A group of 19 Black and Latino corporate executives from across Massachusetts are set to launch a new fund to support local nonprofits and the communities of color they serve.

The New Commonwealth Racial Equity and Social Justice Fund is still in its nascent stages, but organizers said it is already seeded with $20 million in individual and corporate commitments.

Bithiah Carter, CEO of the Boston-based New England Blacks in Philanthropy, predicted the fund would have a “tremendous” impact on Black and Latino communities.

“Whenever most of us are asked to think of a philanthropist, I think the first thing that comes to mind is an older, white man. Maybe we’re generous and we bring forth the image of a woman, but rarely is it seen as a Black person,” Carter said in an interview with WGBH News Sunday.

“This is a game-changer in controlling that image of Black community, showing not only our executives in their power, but also showing there is an opportunity to raise all boats by acknowledging…philanthropic gifts from everyone,” she added.

Organizers of the fund said they intend to leverage their corporate networks to build towards a long-term goal of $100 million.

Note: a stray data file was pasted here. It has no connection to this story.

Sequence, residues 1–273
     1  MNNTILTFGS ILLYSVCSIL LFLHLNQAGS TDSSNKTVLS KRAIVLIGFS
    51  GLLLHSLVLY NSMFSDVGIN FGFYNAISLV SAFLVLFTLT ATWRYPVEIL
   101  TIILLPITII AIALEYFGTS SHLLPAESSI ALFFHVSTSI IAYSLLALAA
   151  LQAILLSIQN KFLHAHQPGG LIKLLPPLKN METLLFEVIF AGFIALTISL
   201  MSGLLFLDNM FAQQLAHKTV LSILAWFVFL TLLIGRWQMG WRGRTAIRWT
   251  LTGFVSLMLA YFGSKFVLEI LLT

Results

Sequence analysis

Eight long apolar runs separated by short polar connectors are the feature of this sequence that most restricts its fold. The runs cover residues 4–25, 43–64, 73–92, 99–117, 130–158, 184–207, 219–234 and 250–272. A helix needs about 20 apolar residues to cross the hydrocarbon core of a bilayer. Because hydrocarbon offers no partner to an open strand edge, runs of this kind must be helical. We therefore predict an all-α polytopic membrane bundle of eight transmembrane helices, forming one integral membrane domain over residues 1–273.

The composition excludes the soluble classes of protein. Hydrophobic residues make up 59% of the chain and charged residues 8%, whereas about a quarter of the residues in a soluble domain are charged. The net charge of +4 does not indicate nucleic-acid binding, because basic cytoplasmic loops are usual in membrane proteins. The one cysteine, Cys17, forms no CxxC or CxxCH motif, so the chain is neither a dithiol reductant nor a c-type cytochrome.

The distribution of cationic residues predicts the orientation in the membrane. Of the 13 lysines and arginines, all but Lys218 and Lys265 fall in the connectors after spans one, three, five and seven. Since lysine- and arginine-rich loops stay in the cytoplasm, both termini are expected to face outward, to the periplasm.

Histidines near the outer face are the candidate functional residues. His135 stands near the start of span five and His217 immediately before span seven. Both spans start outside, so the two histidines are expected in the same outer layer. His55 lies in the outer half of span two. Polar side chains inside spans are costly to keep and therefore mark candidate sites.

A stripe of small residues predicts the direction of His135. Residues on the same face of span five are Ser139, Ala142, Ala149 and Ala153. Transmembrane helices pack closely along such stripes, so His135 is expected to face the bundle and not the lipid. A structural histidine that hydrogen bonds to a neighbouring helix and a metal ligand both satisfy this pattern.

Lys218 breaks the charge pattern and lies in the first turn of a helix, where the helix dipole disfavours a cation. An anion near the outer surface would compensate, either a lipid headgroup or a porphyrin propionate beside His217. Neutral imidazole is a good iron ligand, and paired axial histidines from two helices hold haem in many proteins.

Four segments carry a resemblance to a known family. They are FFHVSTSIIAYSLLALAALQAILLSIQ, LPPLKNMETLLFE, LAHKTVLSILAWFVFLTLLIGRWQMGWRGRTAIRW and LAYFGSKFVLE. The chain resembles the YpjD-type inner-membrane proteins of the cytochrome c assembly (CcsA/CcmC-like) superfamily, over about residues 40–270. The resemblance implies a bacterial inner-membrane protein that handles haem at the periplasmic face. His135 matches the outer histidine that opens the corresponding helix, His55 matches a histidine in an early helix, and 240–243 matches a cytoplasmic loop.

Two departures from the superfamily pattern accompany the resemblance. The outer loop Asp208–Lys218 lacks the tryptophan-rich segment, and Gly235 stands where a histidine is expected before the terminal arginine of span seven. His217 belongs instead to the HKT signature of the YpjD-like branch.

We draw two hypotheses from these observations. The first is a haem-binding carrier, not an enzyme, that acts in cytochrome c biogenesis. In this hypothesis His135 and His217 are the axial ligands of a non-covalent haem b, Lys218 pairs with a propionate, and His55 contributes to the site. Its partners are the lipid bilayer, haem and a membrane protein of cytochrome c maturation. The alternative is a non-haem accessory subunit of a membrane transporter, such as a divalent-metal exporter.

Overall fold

Quincy Miller, president of Eastern Bank and one of the 19 members, told WGBH News the fund will focus on four “key pillars”: policing and criminal justice reform, healthcare equity, economic empowerment and youth education and civic engagement.

Miller said the timing of the fund’s launch coincides with the private sector responding to young protesters who have recently taken to the streets to demand racial equity.

"Corporations are starting to see that there is a business purpose to really being committed to diversity and inclusion” more so than in past years, he said “because of those generations who have amazing purchasing power."

Miller added that members are seeking multi-year commitments to ensure the fund remains sustainable.

"Because this is not a point-in-time situation that needs to be addressed,” he said. “This is 400 years of systemic racism that we need to begin to dismantle."

Pam Everhart, another member of the fund, said the sustainability consideration is a large part of what motivated her to contribute when the group met for the first time earlier this month.

“It was an innovative approach around sustainable, long-term efforts to reduce inequities in our communities,” said Everhart, senior vice president of regional public affairs at Fidelity Investments.

Members said Sunday they are working to put together a legal structure for collecting donations and awarding grants.